We all have a personal relationship with food. Most of us like to indulge in our favourite ‘comfort foods’ from time to time, sometimes through overeating or bulimia, we can take these indulgences and our relationship with food in general, too far. There may also be times that we restrict the amount of food we eat. When our eating habits start to impact other areas of our life, such as our health, or social life, they can start to become a problem.

There are two common overeating problems that people suffer from: bulimia and binge eating disorder.

 

Bulimia

Bulimia is when you eat large amounts of food in one go for one reason or another. You then feel guilty or ashamed and want to get rid of the food through purging.

If you have bulimia you may experience the following symptoms:

 

  • Eating a lot of food in one go and then trying to get rid of it through making yourself sick or using laxatives
  • Feeling ashamed and guilty about binging or purging
  • Thinking that you are fat or hating your body
  • Having a craving for certain foods
  • Frequently being de hydrated

Your weight usually remains constant so people aren’t likely to spot that you have a problem. This can make it harder to get support and it is really important that you are able to recognise something is wrong.

 

Binge Eating

A binge eating disorder is when you feel like you’re addicted to food and can’t stop yourself from eating. You may also feel like you rely on food for emotional support or comfort.

If you have a binge eating disorder you may experience the following symptoms:

 

  • Eating without thinking about it
  • Hiding how much you eat
  • Eating until you feel sick
  • Feeling ashamed or embarrassed
  • Putting on weight
  • Health problems associated with being overweight

 

Anorexia Nervosa

Anorexia is an eating disorder where a person keeps their body weight as low as possible. People with anorexia usually do this by restricting the amount of food they eat, making themselves vomit, and exercising excessively. 

The condition often develops out of an anxiety about body shape and weight that originates from a fear of being fat or a desire to be thin. Many people with anorexia have a distorted image of themselves, thinking they're fat when they're not.

Anorexia most commonly affects girls and women, although it has become more common in boys and men in recent years. On average, the condition first develops at around the age of 16 to 17.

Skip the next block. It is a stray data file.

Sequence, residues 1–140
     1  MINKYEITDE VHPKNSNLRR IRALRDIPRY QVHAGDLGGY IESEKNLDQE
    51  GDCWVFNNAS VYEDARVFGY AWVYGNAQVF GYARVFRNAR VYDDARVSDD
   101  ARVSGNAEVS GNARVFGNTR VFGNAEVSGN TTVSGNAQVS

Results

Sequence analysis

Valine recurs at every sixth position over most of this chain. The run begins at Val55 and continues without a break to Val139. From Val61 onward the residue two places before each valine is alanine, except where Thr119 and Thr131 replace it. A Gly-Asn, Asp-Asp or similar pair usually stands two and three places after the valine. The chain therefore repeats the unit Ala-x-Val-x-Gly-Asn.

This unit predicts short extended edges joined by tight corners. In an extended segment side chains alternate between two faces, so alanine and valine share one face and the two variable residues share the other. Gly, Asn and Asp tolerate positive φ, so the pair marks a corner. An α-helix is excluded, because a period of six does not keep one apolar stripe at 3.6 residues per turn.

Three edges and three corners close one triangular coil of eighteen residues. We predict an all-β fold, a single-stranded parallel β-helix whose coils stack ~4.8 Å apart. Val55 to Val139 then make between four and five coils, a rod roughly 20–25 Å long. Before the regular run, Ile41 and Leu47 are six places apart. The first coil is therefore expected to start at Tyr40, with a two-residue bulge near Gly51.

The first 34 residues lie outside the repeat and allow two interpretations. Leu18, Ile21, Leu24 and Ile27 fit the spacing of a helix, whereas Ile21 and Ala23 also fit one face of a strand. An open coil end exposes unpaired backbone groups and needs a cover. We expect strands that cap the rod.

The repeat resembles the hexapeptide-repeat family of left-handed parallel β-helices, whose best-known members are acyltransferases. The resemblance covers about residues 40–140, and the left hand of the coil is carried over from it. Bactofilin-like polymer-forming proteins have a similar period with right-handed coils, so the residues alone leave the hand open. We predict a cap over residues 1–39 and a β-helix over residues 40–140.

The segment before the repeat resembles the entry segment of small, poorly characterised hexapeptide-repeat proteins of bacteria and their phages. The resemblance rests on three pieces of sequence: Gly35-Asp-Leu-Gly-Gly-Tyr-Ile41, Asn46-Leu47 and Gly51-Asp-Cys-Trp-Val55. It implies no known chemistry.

Signs and symptoms of anorexia

People with anorexia often go to great lengths to hide their behaviour from family and friends by lying about what they've eaten or pretending to have eaten earlier

Signs someone may have anorexia or another eating disorder include:

 

  • missing meals, eating very little, or avoiding eating any fatty foods
  • obsessively counting calories in food 
  • leaving the table immediately after eating so they can vomit
  • taking appetite suppressants, laxatives, or diuretics (a type of medication that helps remove fluid from the body)
  • repeatedly weighing themselves or checking their body in the mirror
  • physical problems, such as feeling lightheaded or dizzyhair loss, or dry skin

 

Anorexia can also be associated with other psychological problems, such as depressionanxiety, low self-esteem, alcohol misuse, and self-harm.

 

Getting help

People with anorexia often don't seek help, perhaps because they're afraid, or don't recognise they have a problem. Many have hidden their condition for a long time – sometimes years.

 

  • The most important first step is for someone with anorexia to realise they need help and to want to get better.
  • If you think someone you know has anorexia, try talking to them about your worries and encourage them to seek help.
  • This can be a very difficult conversation because they may be defensive and refuse to accept they have a problem. However, it's important not to criticise or pressure them as this can make things worse.
  • If you think you may have anorexia, try to seek help as soon as possible. You could start by talking to a person you trust, such as a member of your family or a friend, and perhaps ask them to go with you to see your GP.